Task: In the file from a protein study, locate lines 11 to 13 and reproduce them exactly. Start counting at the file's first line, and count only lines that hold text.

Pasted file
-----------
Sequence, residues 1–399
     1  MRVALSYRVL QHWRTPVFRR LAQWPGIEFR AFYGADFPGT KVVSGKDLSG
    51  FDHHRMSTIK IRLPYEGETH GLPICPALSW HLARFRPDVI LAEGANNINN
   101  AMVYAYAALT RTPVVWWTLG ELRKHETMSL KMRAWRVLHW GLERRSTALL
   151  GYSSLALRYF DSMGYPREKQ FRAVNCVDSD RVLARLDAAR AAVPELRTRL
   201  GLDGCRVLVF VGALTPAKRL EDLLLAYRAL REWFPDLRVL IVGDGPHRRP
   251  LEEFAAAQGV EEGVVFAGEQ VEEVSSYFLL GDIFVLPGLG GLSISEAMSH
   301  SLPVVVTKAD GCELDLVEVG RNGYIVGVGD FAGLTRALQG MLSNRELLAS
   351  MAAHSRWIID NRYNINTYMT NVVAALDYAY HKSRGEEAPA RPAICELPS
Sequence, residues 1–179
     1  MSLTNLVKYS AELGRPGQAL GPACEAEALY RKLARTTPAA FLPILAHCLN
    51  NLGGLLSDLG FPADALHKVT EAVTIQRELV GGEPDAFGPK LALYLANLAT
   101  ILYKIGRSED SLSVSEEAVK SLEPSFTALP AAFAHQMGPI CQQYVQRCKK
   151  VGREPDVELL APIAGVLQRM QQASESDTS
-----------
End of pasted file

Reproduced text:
     1  MSLTNLVKYS AELGRPGQAL GPACEAEALY RKLARTTPAA FLPILAHCLN
    51  NLGGLLSDLG FPADALHKVT EAVTIQRELV GGEPDAFGPK LALYLANLAT
   101  ILYKIGRSED SLSVSEEAVK SLEPSFTALP AAFAHQMGPI CQQYVQRCKK